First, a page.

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There are lots of posters on various Reddit forums with disabilities who find ways to make money from home. One guy makes a living without any real job just from a lot of odds and ends money makers in the beer money sub Reddit forum. I agree with the other posters that you probably don't have enough to fully retire, but with your with wife working part-time and your savings, if you have health care covered in some way, you could probably go part-time / work from home and be okay. There are some posters on Reddit forums who make money just chatting online with people who want to learn or improve their conversational English skills.
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Old 08-12-2017, 11:54 AM   #24
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Yes, the idea to work again is bringing shivers in my spine, I wish I am 59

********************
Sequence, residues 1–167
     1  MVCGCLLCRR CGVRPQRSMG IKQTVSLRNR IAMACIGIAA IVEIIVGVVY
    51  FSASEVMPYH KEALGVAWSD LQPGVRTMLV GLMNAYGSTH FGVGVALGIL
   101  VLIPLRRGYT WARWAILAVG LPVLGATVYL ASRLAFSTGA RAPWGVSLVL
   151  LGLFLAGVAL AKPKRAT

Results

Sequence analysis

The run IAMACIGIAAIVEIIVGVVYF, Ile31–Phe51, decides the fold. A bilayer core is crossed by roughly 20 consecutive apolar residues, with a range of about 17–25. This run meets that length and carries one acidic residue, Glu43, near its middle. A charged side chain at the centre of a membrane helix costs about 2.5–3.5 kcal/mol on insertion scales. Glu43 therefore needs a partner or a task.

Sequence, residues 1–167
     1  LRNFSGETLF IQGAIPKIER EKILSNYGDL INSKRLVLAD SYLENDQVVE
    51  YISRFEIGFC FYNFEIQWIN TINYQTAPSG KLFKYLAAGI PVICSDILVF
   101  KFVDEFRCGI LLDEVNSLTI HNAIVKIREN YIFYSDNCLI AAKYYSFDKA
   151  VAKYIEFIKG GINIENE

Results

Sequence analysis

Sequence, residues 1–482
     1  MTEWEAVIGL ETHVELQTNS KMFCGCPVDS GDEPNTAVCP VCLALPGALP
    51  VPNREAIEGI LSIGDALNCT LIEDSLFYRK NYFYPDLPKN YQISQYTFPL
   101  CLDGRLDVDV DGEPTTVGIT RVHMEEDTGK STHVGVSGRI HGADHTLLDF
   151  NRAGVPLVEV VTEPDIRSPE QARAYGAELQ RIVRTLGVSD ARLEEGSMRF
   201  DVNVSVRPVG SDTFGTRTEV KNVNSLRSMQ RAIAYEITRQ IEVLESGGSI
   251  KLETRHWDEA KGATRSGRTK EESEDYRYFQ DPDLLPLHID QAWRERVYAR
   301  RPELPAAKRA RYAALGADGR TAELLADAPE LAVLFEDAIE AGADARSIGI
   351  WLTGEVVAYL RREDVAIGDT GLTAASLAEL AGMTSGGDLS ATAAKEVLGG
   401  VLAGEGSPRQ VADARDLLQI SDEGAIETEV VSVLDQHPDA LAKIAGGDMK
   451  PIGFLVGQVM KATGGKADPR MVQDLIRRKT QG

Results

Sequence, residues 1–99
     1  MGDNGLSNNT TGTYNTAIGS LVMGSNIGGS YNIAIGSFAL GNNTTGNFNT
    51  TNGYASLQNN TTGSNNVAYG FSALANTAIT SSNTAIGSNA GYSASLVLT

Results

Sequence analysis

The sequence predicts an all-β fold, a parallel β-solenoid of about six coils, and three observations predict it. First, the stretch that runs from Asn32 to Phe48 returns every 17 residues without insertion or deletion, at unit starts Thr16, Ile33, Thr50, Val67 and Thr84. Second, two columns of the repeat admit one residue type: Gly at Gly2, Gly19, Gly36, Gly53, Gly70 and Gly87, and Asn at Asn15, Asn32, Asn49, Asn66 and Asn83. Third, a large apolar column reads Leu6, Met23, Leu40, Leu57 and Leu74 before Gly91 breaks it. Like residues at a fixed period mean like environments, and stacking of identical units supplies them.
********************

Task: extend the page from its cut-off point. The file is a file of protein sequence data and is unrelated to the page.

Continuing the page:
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So, once again ... my favorite ER.org cartoon:
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Old 08-12-2017, 05:30 PM   #25
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If you really believed that, you'd never ask a question!

You don't have a retirement issue, you have a confidence issue. The soulless industrial machine for which you loyally slaved away has slipped you the mitten. Suffering the pangs of rejection, you're searching for a quick escape: "Ah, retirement! That's the answer!"

In your case, I don't think it is. You're on the young side to expect a 4% SWR from your savings. So you'd be completely dependent on DW's teaching income. And what happens if she gets laid off, or worse? You'd be up the stream without an oar.

Your career horse has bucked you off and you've got an emotional bruise. Rub some dirt on it and get back on the horse and ride it a few more years. And let's have no more of this "I can't learn anything new" talk. There's a niche out there for you. It may not be in your old job, but that's irrelevant. Go forth and succeed like crazy! I look forward to reading your future posts.